Application Code and Input Data Don’t Mix

May 5, 2009

It has been a long, long time that I have wanted to write this post.

But I couldn’t. Quite simply, what had been done was so damned dangerous that I did not even want to mention it; until it was fixed.

Happy to say! It is finally complete.

There are many industries that publish and subscribe to what we call data feeds. These could be market data feeds, financial data feeds, any data that you write a bit of application code to receive and place into some context within your organization.

In our case, some of our suppliers crunch boatloads of data in mainframe computers, and pack it up and ship it to our servers. Our development team then has programming code to read that data feed information and update records in various databases.

Now, in order to dump that raw data on our servers, these suppliers need a key (user ID and password) to a piece of my IT server house

The Problem?

At some time in the past some of our developers put the programming code that grabs that data,tweaks it, beats it up, and squishes it into a database in the same location that the supplier was placing the data

And Why is this a problem?

Thanks for asking! Let me show you! 

I mentioned that to put that data on the server, the suppliers needed a user ID and password, plus the ability to write data into that area. In other words, they have a key to the house.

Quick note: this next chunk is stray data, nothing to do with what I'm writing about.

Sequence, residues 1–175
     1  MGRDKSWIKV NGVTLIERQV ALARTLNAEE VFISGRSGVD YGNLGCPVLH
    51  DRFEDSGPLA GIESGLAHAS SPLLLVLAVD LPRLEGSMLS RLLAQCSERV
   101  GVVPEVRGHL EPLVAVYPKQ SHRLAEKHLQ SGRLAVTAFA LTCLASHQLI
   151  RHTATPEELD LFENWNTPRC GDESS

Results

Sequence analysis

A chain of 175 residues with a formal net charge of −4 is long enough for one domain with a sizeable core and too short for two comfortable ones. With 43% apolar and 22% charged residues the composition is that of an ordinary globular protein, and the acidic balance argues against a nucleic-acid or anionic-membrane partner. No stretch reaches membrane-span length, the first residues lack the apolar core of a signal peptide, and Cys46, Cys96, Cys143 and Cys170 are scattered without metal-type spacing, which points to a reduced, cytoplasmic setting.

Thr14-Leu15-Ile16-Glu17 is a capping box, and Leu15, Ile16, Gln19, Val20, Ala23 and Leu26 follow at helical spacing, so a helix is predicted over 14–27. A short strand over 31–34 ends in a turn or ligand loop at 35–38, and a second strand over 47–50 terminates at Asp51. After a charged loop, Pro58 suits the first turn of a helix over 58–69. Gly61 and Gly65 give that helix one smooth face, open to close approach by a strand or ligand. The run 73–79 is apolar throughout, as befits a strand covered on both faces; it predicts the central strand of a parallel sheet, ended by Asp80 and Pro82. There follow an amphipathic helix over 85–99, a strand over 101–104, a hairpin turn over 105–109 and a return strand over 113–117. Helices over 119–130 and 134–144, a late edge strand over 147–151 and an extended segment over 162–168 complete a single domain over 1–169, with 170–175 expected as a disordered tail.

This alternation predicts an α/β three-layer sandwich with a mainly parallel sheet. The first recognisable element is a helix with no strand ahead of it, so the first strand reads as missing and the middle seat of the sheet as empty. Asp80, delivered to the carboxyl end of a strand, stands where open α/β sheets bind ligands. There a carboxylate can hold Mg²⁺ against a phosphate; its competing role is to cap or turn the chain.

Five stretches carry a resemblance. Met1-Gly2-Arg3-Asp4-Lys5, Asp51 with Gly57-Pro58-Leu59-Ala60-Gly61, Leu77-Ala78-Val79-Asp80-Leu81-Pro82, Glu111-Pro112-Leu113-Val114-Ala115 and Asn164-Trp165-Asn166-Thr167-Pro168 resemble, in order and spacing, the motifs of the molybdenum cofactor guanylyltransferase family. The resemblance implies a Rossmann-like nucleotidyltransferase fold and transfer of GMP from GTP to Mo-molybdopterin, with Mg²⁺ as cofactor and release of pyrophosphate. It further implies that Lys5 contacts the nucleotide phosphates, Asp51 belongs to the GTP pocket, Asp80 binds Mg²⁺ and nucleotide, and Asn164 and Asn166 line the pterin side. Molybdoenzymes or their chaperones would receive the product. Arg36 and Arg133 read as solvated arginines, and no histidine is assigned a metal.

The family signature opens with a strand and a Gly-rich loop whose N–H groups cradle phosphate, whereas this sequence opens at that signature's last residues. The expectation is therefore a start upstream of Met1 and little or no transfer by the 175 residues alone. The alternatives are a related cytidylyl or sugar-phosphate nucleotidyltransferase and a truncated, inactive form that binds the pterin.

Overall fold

Imagine that our programming code runs automatically at 3 AM each and every day, and is called PROCESS_DATA_FEED.EXE, this little program does the following;

step 1: check to see if data feed has arrived

Step 2: If data feed has arrived then;

Step 3: squish the data into a database

Now – because that supplier has the key to my house, accidentally, or maliciously, they (or any one) could put anything on that server.

So imagine;

I write a program that does the following;

Step 1: Delete all data it can find

Step 2: go to hacker IP address and download malicious virus or trojan software

And imagine that I call that program the same name, PROCESS_DATA_FEED.EXE – and then I replace the real program on my server.

When that program automatically runs at 3 AM…….

The SMB Takeaway

There is a reason our mailboxes are on the outside of our houses.

When you need to open a mailbox to receive this type of data – keep any application code outside that mailbox. Somewhere that only you have the keys.

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